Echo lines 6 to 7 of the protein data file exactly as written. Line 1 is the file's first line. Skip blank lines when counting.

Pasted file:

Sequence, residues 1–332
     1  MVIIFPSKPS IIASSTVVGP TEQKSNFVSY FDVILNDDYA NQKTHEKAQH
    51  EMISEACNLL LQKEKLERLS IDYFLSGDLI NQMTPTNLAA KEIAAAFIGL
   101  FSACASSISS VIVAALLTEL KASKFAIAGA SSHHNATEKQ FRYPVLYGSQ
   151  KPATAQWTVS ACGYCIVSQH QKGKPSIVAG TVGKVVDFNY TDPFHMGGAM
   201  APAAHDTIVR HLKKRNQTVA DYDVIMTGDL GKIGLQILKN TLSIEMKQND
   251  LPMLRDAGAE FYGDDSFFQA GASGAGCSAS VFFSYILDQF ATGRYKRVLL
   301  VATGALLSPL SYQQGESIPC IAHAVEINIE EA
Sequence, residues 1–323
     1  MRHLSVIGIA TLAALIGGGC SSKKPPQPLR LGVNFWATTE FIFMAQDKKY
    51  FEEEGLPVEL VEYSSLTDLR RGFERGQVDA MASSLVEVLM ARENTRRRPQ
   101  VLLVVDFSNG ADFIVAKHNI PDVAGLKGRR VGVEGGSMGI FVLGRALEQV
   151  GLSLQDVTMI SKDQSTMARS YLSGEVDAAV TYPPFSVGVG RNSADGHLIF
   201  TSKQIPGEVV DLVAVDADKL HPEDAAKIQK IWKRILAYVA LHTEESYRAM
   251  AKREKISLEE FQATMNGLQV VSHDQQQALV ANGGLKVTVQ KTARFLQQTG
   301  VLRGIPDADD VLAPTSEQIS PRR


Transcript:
   201  APAAHDTIVR HLKKRNQTVA DYDVIMTGDL GKIGLQILKN TLSIEMKQND
   251  LPMLRDAGAE FYGDDSFFQA GASGAGCSAS VFFSYILDQF ATGRYKRVLL